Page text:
Acrylics are not a high-maintenance medium. While you’ll need many (at times expensive) supplies to begin oil painting (paint, solvents, mediums, brushes, rags, gesso, canvas or board, and a ventilated space), you need just four simple tools to get started with acrylics: the paint itself, a brush, a cup of water, and a surface (commonly known to artists as a support).
Out of those tools, Tauchid recommends investing the most money into your paints—the higher grade your acrylics are, the more pigment they’ll contain. A good support is also a vital element to your artwork. “When you’re building a house, you have to build a really good foundation, and then everything follows from there,” Tauchid explained. As for brushes, she advises that you don’t need too many, and recommends those with synthetic bristles, instead of raw animal hairs. The choice has little do with morality—synthetic bristles simply take better to acrylic paints.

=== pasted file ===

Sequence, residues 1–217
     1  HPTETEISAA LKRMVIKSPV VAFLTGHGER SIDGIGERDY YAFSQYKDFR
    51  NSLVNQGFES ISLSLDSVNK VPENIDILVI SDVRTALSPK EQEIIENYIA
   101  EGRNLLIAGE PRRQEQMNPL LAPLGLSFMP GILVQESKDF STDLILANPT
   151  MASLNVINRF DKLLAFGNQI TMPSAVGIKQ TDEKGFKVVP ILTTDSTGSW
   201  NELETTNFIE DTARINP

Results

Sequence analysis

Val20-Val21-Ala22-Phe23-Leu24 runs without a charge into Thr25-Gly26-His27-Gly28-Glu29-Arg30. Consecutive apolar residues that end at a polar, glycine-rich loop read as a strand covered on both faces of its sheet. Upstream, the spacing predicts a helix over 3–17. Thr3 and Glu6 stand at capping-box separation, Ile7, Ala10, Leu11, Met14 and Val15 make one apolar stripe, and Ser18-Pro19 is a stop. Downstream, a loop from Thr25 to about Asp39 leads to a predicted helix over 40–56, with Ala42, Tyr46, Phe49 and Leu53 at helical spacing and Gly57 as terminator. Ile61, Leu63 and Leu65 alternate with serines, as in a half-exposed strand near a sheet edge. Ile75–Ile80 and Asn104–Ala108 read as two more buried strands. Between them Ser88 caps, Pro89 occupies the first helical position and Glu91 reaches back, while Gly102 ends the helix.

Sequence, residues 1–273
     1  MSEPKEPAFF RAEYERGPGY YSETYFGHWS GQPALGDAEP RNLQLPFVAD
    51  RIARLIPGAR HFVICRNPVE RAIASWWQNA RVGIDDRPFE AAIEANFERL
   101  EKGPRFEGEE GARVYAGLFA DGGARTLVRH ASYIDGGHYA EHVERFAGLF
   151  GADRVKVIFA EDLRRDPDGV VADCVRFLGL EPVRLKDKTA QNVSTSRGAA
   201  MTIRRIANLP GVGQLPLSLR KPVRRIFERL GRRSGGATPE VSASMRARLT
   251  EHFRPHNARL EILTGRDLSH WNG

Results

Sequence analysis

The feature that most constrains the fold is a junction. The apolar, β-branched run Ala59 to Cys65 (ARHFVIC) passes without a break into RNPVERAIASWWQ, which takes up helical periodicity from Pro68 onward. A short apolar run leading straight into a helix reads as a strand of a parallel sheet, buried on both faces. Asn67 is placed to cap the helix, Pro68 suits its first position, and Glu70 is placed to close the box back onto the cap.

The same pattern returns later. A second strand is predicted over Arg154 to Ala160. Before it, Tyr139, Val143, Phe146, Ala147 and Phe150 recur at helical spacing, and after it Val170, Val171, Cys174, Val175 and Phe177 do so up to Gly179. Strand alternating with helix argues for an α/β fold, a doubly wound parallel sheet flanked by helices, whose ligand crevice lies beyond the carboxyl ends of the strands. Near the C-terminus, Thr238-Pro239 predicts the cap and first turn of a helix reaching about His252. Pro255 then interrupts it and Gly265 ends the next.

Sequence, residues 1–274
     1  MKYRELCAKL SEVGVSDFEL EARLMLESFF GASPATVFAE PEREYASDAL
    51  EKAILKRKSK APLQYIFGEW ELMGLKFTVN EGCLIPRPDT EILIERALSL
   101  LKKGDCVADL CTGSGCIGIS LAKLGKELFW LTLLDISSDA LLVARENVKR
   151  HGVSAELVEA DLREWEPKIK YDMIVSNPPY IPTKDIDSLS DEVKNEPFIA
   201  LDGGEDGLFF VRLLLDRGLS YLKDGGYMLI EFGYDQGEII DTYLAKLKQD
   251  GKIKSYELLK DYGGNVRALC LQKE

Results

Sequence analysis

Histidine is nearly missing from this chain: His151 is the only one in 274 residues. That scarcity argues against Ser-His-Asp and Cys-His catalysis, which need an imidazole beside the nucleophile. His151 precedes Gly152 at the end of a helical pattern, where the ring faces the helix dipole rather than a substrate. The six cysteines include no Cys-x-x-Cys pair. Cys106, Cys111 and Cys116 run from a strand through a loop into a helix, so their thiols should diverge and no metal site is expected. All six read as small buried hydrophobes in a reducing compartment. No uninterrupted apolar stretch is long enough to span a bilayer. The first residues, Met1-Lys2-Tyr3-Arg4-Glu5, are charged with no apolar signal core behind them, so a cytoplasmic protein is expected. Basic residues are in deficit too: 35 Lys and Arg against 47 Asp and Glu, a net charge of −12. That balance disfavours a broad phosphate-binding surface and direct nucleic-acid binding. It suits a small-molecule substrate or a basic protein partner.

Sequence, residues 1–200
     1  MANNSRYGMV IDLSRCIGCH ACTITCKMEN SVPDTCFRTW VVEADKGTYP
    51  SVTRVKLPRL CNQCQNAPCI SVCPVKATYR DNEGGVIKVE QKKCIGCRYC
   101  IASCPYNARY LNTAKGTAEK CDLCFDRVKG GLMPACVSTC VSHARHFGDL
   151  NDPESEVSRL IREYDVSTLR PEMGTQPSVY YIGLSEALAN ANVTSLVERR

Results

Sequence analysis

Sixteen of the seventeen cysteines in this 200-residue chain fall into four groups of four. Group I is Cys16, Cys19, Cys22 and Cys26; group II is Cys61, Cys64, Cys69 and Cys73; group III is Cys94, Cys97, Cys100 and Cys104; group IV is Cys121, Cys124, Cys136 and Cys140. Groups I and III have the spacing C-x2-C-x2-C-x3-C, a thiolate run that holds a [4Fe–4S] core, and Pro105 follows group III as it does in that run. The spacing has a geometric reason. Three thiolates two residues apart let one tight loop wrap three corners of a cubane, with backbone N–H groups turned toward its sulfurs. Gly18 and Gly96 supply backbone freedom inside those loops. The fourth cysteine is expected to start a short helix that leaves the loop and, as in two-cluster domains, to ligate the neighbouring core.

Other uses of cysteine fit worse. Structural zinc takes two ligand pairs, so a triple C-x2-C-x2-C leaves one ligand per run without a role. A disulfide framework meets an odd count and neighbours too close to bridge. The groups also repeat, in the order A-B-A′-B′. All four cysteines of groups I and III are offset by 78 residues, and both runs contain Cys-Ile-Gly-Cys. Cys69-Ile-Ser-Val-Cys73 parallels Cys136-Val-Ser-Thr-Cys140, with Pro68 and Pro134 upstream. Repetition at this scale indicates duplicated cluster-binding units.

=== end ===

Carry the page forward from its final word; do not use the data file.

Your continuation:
For artists who are used to oil paints—which often requires solvents like turpentine, a safe disposal tool for toxic materials, and the time-consuming task of removing paint from brushes––cleaning up with acrylics will feel like a breeze. If you’re using a palette, you can easily scrape off any excess paint, then run a wet rag over its surface to finish removing the residue. Or, you can let the palette dry and peel the paint off.